It is easy to see why some expect prices to drop again, given the unemployment surge expected by many. Here is a measure of house price affordability for UK workers: the drop during the financial crisis is evident, but so far there is little sign of a much deeper recession.
Falling employment also will weigh on prices; the number of people on employers’ payrolls was 2.2% lower in June than in March, and job losses will accumulate further as the Coronavirus Job Retention Scheme is wound down between August and October.
Meanwhile, the supply of homes coming on to the market likely will increase in the winter, once mortgage payment holidays of up to six months for struggling households come to an end, pushing some into forced sales.
Some striking data on UK house prices this morning: British house prices jumped the highest in 11 years this month, according to Nationwide’s house price index.
The end of lockdown appears to have unleashed some pent-up demand, and stamp duty cuts are expected to add further support in the coming months.
The bounce back in prices reflects the unexpectedly rapid recovery in housing market activity since the easing of lockdown restrictions. The rebound in activity reflects a number of factors. Pent up demand is coming through, where decisions taken to move before lockdown are progressing.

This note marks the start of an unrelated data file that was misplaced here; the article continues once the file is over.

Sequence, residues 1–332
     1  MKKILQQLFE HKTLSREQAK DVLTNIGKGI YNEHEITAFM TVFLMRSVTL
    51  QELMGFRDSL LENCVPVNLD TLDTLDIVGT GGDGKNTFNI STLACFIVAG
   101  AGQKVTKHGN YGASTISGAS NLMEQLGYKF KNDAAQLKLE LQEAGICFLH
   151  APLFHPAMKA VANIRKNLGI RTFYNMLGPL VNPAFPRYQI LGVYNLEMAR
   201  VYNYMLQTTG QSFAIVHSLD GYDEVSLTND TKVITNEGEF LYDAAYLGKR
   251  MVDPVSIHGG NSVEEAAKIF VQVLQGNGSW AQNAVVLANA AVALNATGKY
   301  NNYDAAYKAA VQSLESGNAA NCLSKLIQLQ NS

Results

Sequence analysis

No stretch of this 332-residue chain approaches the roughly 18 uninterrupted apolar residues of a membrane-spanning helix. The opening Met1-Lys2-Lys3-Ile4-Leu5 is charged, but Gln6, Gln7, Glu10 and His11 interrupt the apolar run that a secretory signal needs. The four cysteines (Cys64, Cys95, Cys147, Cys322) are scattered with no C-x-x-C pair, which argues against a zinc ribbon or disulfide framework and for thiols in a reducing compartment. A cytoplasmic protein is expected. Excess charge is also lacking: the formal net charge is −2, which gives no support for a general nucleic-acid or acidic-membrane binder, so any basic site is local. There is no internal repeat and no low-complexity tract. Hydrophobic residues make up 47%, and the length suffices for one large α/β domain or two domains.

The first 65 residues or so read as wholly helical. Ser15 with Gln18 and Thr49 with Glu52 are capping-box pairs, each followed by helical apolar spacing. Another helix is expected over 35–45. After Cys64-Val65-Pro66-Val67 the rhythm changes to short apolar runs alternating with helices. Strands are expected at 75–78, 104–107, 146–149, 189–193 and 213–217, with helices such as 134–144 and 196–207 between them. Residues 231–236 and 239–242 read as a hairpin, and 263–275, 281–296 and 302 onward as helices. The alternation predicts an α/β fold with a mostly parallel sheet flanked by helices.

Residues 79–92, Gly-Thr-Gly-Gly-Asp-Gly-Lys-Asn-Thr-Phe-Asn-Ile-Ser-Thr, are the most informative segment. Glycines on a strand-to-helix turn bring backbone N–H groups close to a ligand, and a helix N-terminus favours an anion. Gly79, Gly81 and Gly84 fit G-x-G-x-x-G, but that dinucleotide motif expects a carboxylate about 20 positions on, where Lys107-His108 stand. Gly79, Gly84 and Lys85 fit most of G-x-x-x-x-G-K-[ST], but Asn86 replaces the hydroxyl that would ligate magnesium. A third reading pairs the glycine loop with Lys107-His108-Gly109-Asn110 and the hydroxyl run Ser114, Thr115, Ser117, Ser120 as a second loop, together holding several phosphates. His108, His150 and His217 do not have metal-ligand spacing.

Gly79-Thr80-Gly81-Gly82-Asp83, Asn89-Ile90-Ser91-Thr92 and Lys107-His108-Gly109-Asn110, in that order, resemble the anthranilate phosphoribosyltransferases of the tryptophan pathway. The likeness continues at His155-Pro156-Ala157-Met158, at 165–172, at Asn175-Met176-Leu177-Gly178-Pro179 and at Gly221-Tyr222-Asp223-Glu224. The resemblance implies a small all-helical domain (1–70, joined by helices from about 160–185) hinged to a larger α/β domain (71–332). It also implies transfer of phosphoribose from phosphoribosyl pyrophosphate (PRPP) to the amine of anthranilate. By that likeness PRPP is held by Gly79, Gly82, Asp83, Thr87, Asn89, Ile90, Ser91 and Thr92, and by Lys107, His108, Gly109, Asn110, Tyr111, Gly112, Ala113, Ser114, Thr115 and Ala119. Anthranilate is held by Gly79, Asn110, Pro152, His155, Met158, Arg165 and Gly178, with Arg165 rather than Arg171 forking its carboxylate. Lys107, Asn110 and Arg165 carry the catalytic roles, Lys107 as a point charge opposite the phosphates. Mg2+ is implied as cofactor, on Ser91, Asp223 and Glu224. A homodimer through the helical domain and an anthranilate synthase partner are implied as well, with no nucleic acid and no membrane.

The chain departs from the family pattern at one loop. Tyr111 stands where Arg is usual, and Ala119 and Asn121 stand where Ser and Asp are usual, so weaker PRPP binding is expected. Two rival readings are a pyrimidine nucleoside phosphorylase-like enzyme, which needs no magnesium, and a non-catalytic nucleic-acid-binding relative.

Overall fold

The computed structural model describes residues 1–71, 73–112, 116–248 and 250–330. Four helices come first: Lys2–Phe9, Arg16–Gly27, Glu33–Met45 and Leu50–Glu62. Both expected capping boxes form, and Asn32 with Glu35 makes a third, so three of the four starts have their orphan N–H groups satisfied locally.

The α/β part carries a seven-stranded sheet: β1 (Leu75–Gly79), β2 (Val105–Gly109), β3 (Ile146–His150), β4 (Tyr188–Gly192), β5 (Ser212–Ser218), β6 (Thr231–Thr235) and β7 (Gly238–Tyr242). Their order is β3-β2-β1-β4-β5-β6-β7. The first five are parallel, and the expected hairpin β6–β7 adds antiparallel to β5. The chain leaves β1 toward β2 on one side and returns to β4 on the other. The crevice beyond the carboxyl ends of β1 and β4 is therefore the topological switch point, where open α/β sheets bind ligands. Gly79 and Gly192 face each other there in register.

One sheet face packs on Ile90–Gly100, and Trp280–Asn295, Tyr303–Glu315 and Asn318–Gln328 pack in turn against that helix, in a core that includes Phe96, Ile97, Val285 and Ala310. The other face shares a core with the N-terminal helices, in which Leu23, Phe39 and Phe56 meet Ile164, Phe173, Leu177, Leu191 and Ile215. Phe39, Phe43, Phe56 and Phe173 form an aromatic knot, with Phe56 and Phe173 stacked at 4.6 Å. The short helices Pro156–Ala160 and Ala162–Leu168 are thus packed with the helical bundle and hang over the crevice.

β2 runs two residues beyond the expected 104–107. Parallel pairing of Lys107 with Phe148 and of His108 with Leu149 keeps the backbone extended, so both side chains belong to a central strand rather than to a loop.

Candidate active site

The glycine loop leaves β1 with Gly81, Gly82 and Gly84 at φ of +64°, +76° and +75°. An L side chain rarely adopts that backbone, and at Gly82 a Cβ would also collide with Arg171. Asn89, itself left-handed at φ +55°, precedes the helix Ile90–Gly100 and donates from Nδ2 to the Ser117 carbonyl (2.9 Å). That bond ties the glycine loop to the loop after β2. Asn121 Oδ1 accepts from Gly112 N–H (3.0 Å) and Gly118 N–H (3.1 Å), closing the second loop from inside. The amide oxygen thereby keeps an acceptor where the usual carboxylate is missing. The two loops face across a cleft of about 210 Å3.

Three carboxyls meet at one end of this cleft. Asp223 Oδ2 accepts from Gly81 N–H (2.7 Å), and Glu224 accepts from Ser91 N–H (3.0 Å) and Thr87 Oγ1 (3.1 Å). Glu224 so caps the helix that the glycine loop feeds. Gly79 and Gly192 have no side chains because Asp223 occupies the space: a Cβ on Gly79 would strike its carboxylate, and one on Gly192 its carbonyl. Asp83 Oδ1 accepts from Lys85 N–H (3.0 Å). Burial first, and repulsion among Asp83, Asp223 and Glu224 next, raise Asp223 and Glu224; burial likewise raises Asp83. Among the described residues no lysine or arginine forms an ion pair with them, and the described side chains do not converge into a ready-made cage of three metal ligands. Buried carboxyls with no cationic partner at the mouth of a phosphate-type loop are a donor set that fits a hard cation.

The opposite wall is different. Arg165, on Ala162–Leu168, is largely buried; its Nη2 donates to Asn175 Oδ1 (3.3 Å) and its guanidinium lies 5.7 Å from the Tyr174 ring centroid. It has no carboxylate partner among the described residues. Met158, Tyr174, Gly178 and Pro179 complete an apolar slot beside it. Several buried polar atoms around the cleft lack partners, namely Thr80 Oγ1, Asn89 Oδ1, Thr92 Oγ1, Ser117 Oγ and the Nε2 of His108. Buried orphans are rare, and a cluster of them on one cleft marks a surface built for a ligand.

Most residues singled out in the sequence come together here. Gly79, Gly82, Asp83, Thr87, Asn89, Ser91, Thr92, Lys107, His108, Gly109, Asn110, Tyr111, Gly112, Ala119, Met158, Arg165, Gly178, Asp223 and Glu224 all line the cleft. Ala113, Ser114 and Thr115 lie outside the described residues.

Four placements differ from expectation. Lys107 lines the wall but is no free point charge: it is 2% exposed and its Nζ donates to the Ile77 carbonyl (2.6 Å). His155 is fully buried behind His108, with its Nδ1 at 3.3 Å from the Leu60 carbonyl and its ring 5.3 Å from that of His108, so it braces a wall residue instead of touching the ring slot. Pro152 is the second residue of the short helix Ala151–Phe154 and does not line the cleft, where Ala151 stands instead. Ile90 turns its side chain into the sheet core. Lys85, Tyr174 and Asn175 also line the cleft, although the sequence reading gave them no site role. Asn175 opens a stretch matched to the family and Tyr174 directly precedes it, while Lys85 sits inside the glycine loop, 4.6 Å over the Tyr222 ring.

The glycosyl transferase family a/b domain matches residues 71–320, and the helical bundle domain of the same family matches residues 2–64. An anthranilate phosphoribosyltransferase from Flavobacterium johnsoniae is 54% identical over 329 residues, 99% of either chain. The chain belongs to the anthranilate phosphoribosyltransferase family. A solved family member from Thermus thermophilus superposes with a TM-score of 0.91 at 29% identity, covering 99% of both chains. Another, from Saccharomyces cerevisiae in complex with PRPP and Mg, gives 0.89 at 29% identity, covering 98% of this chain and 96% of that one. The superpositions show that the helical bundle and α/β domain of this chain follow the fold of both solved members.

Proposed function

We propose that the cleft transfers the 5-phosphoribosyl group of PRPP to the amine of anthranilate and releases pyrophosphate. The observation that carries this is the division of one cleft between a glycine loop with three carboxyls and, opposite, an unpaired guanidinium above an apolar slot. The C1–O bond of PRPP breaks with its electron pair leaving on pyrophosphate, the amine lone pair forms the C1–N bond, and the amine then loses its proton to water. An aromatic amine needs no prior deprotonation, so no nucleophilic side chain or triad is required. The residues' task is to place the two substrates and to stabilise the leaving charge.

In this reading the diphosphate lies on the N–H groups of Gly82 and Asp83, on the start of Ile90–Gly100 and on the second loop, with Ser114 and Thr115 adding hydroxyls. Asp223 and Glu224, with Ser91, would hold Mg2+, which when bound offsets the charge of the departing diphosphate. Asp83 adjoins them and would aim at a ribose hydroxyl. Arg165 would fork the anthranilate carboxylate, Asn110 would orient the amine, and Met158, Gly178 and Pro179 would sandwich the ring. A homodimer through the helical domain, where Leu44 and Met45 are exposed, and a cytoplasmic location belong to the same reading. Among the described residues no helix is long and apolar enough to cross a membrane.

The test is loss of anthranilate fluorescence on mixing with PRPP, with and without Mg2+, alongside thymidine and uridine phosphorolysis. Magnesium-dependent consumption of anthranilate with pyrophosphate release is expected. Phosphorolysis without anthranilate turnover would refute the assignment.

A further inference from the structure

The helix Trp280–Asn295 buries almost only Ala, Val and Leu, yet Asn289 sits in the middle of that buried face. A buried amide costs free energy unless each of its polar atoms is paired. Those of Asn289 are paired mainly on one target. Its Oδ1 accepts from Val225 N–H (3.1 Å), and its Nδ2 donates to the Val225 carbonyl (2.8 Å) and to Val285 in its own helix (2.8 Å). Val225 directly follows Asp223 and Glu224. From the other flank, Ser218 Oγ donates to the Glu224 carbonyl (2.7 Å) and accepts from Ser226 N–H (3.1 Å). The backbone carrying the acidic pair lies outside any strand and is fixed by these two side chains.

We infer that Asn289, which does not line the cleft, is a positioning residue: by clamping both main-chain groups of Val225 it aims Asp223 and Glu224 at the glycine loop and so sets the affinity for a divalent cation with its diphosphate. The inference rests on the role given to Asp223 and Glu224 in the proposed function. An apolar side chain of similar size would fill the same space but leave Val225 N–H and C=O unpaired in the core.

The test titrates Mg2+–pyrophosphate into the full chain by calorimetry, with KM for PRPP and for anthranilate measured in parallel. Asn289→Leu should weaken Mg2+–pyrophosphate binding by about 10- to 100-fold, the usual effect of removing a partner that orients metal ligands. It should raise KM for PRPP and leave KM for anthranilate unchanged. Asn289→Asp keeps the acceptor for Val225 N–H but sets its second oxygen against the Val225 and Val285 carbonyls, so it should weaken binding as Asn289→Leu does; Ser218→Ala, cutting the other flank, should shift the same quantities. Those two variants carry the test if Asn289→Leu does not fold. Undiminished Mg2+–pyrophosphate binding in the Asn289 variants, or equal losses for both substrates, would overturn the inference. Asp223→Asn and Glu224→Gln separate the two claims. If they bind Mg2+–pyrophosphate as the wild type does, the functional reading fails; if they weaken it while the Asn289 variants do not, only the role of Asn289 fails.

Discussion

Behavioural shifts may be boosting activity, as people reassess their housing needs and preferences as a result of life in lockdown. Moreover, social distancing does not appear to be having as much of a chilling effect as we might have feared, at least at this stage.
However, there is a risk this proves to be something of a false dawn. Most forecasters expect labour market conditions to weaken significantly in the quarters ahead as a result of the aftereffects of the pandemic and as government support schemes wind down. If this comes to pass, it would likely dampen housing activity once again in the quarters ahead.
The FTSE 100 is trundling along, as might be expected in late July (even if we do have a fair few dramatic company results to contend with).
But while a 0.5% gain makes for a relatively relaxed Friday, it has not been a good month for investors in Britain’s biggest public companies, which are on course for a monthly decline.
The FTSE 100 did its best to fight back on Friday, climbing 0.5% to 6,022, yet that still puts the index down 2.4% on the month and 7.1% below the 5 June high following the market crash earlier this year.
Tobacco, banks and media have been the worst performing FTSE 350 sectors in July.
Here are the full stories for two of the big issues this morning: NatWest’s massive loan impairment and British Airways owner IAG’s even bigger fundraising effort.
Another eurozone GDP reading: Italy was already in recession, but now it is officially the worst since at least the second world war.
Italian output contracted by 12.4% in the second quarter compared to the previous three months, but again, as with the French data, it was better than the 15% fall expected.
Some interesting snippets coming through from BT, which has also been updating investors on its progress. Revenues and earnings were both down 7% for April to June.
Chief Executive Philip Jansen said BT delivered a strong operating performance in the quarter, when millions relied on its networks for home working and schooling, and produced “relatively resilient” financial results.
He said the company, which pulled its dividend in May to help weather the unfolding health crisis, had enough visibility to provide guidance for the year.